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Bosque (Valdivia)

On-line version ISSN 0717-9200


CUEVAS, Jaime G et al. Nutrient retention in a microcatchment with low levels of anthropogenic pollution. Bosque (Valdivia) [online]. 2014, vol.35, n.1, pp.75-88. ISSN 0717-9200.

Streamside native forests filter nutrients and sediments from extra-riparian environments. Most related studies have been carried out in environments chronically polluted by nutrients, making it difficult to assess whether the detected patterns would hold in less polluted areas, such as Chile. However, there are no studies about Chilean natural streamside vegetation ability to filter nutrients and sediment. We hypothesized that southern Chilean streamside forests efficiently retain nutrients due to their, previously documented, tight nitrogen cycle especially in terms of fixation, mineralization and plant uptake, in addition to the high phosphorus adsorption by volcanic soils and high cation retention due to the expected higher cationic exchange capacity (CEC) in floodplains. We studied a fluvial terrace with grasslands covering the uplands, a forest on a slope, and a floodplain with native trees adjacent to a creek. We laid out nine parallel transects in the aforementioned environments and installed five wells in each transect. We extracted and analyzed groundwater three times a year, finding that the nitrate concentration decreased in the transect from the grassland to the floodplain forest. Ammonium, calcium, potassium, and electrical conductivity increased in the same transect, but these variables were always higher than those in the stream. Moreover, soil chemical determinations showed that ammonium, basic cations, aluminum, aluminum saturation and organic matter increased significantly in the floodplain soil compared to the grassland soil. The CEC was marginally different in the studied transects. We conclude that native forest ecosystems constitute effective filters for the studied nutrients, highlighting the associated soils role.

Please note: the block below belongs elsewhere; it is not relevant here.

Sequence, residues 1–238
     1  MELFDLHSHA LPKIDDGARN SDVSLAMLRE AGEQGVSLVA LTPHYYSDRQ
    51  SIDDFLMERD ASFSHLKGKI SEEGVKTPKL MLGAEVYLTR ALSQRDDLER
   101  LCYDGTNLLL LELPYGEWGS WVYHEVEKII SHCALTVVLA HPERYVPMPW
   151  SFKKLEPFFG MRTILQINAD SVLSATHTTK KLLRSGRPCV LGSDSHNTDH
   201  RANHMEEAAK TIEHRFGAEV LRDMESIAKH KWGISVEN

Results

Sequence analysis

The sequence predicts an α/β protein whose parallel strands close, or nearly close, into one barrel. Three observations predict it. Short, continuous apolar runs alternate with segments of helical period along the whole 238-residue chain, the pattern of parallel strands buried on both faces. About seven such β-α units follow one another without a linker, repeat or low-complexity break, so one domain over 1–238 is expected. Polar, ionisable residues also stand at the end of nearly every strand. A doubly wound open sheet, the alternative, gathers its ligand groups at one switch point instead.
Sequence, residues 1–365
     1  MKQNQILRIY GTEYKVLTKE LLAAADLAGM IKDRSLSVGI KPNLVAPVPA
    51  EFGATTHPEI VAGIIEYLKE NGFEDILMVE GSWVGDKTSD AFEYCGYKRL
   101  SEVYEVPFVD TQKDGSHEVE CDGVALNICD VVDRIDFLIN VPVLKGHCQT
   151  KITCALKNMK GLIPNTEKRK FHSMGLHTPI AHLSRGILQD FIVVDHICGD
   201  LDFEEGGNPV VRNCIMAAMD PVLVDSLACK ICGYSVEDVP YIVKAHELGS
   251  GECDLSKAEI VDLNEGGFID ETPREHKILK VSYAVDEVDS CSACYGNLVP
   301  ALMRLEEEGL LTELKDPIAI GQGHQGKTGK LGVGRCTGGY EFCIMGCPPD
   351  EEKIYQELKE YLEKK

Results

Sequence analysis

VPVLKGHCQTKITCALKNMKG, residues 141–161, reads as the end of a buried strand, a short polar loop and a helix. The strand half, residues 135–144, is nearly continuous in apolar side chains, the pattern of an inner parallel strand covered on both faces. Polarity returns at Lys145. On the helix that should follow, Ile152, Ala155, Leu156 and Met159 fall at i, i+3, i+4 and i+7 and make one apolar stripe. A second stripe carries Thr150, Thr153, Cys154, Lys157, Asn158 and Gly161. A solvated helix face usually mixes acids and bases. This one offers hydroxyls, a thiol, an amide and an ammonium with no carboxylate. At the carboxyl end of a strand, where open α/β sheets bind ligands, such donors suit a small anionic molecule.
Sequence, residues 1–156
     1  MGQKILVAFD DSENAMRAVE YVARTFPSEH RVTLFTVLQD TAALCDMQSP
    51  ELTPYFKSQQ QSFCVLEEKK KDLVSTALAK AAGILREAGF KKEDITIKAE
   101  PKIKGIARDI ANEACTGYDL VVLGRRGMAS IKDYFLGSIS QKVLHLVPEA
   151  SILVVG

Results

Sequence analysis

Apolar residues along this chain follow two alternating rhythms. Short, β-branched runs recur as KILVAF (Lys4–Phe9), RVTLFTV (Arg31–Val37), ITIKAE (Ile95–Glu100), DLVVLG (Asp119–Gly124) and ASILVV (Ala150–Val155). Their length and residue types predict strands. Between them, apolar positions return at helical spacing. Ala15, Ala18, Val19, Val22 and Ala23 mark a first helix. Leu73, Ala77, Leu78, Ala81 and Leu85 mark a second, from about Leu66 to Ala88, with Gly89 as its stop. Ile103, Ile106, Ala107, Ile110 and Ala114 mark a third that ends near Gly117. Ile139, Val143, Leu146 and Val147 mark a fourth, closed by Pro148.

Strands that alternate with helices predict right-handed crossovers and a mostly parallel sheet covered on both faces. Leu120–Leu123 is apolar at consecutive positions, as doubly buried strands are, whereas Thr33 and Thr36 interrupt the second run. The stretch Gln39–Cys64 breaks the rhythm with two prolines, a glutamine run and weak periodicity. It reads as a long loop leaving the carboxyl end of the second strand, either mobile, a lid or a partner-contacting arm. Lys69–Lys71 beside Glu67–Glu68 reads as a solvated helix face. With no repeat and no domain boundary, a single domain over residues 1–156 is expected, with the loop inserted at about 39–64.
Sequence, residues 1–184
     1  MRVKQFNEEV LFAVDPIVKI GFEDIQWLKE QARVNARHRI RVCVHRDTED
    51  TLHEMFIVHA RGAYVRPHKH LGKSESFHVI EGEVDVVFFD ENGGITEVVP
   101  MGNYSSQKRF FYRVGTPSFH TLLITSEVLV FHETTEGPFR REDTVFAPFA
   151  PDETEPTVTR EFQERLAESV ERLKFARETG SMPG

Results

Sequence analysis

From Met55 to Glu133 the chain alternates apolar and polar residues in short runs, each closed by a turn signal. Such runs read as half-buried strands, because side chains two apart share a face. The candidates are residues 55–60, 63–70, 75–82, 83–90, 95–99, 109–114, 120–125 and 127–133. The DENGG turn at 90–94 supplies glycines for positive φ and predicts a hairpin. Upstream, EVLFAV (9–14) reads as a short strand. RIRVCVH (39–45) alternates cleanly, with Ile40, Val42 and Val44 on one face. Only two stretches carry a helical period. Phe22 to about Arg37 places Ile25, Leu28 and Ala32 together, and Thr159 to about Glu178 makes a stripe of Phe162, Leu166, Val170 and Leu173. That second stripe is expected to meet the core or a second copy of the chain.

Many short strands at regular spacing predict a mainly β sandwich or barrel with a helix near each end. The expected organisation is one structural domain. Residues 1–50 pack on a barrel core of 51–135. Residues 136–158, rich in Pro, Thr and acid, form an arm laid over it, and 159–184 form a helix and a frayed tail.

Keywords : cationic exchange capacity; groundwater; nitrogen cycle; phosphorus adsorption; riparian zones.

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